b. 04/11/1864 Westminster, London. d. 29/03/1933 Tottenham, London.
Alfred Edward Durrant (1864-1933) was born on 4th November 1864 in St James, Westminster, London. Little is known about his early life in London before he enlisted with the Rifle Brigade just prior to the Second Boer War. He was soon posted to serve in South Africa in 1899, and was soon involved in some of the early actions of the War.
At Bergendal, on the 27th August, 1900, Acting-Corporal Wellar having been wounded, and being somewhat dazed, got up from his prone position in the firing line, exposing himself still more to the enemy's fire, and commenced to run towards them. Private Durrant rose, and pulling him down endeavoured to keep him quiet, but finding this impossible he took him up and carried him back for 200 yards under a heavy fire to shelter, returning immediately to his place in the line.
Durrant was recommended for, and awarded the Victoria Cross on 18th October 1901. He received his medal from the Commander-in-Chief of South Africa, Lord Kitchener on 6th October 1902. He was also promoted to Lance-Corporal. For his service in South Africa, he also received the Queen’s South Africa Medal with three clasps, and the King’s South Africa Medal with two clasps.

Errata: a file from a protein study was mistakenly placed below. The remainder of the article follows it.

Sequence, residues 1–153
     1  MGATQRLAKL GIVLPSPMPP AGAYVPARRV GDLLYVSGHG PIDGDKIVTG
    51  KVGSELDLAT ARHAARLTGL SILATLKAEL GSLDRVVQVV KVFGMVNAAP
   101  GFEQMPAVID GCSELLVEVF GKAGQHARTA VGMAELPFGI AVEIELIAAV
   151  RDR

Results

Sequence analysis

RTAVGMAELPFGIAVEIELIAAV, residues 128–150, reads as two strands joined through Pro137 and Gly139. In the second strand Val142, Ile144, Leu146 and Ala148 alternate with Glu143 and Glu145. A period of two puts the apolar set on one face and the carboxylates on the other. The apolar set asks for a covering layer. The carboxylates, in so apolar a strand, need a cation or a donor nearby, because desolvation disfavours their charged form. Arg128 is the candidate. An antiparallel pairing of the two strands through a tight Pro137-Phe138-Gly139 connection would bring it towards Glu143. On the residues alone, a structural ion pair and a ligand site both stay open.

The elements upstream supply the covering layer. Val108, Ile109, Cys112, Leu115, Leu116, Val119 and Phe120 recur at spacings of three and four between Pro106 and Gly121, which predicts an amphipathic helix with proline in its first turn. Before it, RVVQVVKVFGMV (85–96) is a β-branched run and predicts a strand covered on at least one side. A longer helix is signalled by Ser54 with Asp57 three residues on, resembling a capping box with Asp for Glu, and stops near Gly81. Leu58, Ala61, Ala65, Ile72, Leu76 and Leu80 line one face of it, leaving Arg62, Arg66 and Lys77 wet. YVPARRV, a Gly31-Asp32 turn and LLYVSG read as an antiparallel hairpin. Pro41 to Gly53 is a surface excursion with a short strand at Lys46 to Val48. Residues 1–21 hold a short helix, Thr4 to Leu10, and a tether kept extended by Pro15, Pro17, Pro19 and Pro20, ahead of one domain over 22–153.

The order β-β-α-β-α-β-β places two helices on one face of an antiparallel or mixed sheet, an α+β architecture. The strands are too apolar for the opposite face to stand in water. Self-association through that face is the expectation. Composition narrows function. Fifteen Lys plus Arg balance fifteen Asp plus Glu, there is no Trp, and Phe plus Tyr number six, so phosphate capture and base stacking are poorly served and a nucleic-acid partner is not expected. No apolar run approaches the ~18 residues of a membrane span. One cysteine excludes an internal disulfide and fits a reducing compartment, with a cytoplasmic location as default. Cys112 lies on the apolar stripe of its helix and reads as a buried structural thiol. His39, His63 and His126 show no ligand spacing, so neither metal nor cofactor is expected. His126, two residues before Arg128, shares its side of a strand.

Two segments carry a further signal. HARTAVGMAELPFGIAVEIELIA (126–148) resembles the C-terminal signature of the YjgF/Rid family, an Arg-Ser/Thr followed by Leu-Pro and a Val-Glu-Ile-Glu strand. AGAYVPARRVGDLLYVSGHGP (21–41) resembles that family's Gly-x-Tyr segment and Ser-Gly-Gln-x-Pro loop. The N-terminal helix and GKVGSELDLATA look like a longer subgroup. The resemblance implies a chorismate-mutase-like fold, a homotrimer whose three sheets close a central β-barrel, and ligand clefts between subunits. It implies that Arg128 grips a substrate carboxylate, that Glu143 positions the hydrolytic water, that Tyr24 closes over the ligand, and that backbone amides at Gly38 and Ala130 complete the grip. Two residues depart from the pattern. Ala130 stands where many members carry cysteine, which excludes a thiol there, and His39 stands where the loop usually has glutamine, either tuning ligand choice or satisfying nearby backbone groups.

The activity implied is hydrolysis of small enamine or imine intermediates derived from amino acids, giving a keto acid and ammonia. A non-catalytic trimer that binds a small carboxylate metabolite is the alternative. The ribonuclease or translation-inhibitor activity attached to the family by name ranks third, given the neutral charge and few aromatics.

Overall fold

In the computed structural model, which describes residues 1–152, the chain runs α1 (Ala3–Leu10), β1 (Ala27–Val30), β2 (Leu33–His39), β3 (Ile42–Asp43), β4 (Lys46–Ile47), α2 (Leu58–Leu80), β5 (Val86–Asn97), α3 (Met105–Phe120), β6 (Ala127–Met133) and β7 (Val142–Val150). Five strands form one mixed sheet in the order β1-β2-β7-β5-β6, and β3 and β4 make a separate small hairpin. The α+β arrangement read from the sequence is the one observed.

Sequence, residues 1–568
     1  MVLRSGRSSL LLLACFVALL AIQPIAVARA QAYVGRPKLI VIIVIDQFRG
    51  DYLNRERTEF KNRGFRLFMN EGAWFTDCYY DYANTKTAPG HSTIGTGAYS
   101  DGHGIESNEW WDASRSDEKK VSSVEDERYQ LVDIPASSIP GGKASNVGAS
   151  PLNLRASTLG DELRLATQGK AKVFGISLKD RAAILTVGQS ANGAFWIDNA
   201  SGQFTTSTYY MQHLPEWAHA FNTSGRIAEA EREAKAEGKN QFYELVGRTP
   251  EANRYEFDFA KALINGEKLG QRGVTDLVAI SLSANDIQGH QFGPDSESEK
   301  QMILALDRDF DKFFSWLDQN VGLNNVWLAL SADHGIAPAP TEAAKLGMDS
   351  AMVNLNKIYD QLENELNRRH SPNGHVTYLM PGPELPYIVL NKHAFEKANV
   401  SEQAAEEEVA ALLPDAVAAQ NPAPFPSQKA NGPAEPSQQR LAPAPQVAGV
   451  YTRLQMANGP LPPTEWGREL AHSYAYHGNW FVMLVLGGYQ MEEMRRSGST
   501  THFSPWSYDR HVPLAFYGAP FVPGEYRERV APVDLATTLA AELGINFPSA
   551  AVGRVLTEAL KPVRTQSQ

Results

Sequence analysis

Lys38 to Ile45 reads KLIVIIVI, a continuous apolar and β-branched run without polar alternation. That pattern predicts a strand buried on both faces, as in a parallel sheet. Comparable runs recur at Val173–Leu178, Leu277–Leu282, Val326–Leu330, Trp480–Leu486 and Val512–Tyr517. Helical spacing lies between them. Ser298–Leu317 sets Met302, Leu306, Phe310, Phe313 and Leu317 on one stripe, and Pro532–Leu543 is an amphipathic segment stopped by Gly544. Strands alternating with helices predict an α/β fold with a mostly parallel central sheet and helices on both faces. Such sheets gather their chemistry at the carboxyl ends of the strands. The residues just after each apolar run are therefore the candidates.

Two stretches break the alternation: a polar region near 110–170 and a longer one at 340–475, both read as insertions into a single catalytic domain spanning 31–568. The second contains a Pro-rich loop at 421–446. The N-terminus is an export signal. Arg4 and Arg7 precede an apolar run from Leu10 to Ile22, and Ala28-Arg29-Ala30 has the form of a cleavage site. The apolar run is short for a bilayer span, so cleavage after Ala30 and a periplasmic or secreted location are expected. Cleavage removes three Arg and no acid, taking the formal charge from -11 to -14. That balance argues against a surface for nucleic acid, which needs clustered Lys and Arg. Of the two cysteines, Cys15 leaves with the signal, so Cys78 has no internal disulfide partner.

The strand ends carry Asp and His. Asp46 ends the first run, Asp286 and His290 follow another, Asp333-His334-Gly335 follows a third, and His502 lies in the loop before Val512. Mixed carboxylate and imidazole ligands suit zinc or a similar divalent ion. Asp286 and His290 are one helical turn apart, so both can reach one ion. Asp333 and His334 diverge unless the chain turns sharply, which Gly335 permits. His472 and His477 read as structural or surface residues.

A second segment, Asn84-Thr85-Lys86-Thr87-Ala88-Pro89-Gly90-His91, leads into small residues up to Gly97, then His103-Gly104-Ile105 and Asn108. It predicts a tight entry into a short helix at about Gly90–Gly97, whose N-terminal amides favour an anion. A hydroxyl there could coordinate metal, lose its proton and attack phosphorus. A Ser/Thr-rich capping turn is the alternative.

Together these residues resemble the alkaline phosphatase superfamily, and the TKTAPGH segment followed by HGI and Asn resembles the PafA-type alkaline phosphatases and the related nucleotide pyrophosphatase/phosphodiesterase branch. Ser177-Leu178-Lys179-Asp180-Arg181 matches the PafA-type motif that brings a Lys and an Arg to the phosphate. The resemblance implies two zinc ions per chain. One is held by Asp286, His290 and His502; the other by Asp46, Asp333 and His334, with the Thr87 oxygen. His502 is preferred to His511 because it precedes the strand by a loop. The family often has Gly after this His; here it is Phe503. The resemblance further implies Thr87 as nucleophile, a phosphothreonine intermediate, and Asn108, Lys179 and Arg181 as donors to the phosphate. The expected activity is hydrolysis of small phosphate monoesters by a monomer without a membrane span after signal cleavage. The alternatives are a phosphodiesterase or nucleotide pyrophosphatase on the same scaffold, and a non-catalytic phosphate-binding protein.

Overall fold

Durrant was later awarded the Imperial Service Medal for 25 years’ service. Durrant died on 29th March 1933, aged 68 and was buried in Tottenham Cemetery in the Rosery Section. His medals are held and displayed by the Royal Green Jackets Museum, Winchester, Hampshire.
LOCATION OF MEDAL: ROYAL GREEN JACKETS MUSEUM, WINCHESTER.
BURIAL PLACE: TOTTENHAM CEMETERY, NORTH LONDON.
Picture courtesy of Memorials to Valour website.
Alfred Durrant's medals lncluding his VC on display at the Royal Green Jackets Museum, Winchester, Hampshire
Cemetery Plan courtesy of Kevin Brazier ROSERY SECTION, GRAVE 221
Rifle Brigade Roll of Honour, Winchester Cathedral